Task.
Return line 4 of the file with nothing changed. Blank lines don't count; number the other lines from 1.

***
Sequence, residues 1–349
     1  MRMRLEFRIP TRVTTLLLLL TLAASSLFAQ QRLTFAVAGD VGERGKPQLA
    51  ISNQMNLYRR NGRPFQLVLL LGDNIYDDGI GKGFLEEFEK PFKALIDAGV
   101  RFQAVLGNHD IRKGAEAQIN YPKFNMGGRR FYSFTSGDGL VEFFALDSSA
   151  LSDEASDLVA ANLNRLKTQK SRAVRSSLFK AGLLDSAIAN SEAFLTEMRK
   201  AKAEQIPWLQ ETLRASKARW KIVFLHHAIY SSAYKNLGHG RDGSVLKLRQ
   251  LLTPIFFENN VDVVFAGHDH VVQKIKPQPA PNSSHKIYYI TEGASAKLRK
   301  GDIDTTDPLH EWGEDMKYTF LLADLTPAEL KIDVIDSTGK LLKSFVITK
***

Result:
   101  RFQAVLGNHD IRKGAEAQIN YPKFNMGGRR FYSFTSGDGL VEFFALDSSA